Many times when clients contact me they ask if I can help them come to consensus or alignment on their shared purpose or desired outcomes. They expect facilitation will help them to do this.
Sometimes this is a good idea. If we are working in a highly constrained project, like building a new building, getting everyone on the same page is important. But it’s also easy. All you have to do is bring in the experts, design a good implementation plan for a good solution and have project managers keep everyone on track, step by step. Most organizations are good at that, and if they aren’t they can easily learn the skills to do it.
Its not the linear project managers that are the problem. Its the problem that is the problem.
Conditioned to planning and implementing in this linear fashion, many organizations get flummoxed when they confront a problem with no obvious solution and no clear pathway forward. There may be multiple ways to think about the issues, multiple experiences of what is happening, and divergent and even contradictory desires around where we should be going. These kinds of wicked, seemingly intractable problems breed conflict, and the only recourse for leaders is to tolerate it for a while and then impose a solution with no guarantee that folks will be happy, or even that the solution is the best one possible.
These kinds of problems are complex: wicked, sticky, intractable, Volitile Uncertain Ccomplex and Ambiguous. Tough nuts to crack. There are lots of ways to describe them and lots of ways they drive frustration and conflict.
The common reactive response to these situations seems to be to first gather more information and try harder to find the obvious answer and try to get everyone on the same page. When I’m first working with clients experiencing these kinds of issues, I try to steer them away from certainty and alignment. I point out that in complex environments you don;t get to predict outcomes and you need to look for emergent practices and emergent solutions. Innovation never looks like something you’ve ever done before. Studying the present for the answer will not turn up the gold lying just out of eyesight under a rock. Complex solutions are for all practical purposes, infinitely unpredictable.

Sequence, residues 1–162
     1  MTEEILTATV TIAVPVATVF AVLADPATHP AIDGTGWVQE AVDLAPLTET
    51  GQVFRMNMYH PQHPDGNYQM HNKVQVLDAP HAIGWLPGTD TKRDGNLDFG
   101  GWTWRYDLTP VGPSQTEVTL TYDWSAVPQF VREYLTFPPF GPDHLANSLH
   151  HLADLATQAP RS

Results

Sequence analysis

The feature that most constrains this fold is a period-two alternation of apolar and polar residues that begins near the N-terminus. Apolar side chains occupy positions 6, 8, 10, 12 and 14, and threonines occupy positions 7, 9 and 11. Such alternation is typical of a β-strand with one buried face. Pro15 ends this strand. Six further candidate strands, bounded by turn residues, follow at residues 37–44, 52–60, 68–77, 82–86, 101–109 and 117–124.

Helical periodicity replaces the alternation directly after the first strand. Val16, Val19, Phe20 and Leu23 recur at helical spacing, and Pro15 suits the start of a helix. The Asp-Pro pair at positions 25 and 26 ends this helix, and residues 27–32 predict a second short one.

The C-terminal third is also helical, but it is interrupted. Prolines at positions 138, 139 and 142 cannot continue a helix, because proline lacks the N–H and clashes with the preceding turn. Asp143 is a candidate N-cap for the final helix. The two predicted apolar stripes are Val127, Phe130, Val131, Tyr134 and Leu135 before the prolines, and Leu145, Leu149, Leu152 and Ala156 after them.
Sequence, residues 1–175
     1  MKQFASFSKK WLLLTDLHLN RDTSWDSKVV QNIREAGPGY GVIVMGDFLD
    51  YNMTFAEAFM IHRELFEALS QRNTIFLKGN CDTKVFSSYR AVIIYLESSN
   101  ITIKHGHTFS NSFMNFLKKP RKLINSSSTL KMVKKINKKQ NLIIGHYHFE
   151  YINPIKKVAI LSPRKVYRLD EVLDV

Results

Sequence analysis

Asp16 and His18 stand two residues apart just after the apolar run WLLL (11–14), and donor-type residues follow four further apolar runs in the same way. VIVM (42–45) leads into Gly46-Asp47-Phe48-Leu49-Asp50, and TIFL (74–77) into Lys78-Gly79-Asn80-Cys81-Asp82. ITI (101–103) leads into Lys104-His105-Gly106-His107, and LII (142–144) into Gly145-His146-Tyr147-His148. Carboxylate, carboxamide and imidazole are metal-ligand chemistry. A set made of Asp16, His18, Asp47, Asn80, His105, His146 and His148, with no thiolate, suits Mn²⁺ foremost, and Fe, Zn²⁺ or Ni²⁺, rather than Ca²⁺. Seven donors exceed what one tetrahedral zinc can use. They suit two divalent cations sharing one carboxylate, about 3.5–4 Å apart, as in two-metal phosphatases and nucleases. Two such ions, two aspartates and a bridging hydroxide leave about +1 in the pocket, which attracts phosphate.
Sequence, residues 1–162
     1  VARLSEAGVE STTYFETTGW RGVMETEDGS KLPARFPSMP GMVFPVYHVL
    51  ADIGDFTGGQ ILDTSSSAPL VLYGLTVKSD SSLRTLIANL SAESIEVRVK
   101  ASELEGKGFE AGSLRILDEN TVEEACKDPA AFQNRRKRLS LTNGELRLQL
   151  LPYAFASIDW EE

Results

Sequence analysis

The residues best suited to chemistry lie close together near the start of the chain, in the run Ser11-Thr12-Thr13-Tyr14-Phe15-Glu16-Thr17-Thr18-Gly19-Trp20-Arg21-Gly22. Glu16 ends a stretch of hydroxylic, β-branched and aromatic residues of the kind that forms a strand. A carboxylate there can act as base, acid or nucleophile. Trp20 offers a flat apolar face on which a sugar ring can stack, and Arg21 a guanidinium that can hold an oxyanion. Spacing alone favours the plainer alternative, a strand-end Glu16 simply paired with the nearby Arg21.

So what is the answer? Throw a bunch of ideas at teh wall and see what sticks?
Well, sometimes that can work, especially if you are truly out of ideas. But generally you have something to go on: a sense of direction, a sense that HERE isn’t where we want to be and that there is probably a better THERE that we should get to.
The issues is that, if we truly knew how to get from the undesirable HERE to the much coveted THERE, we probably would have done it by now. In complexity work, the first step here is admitting that trying to achieve pre-planned outcomes simply won’t work. Instead we need to go in a direction of travel towards a better place.
There are a couple of key ways to get started here. First, I always have groups spend time describing their current situation. We are looking for the patterns and dynamics that keep the system stuck in a place that isn’t working. Sometimes this can involve sophisticated research and narrative capture and other times it’s a simpler process of observation and pattern detection. Understanding the state of play helps us to discover an important secret, and that is, the inclination of the system to change.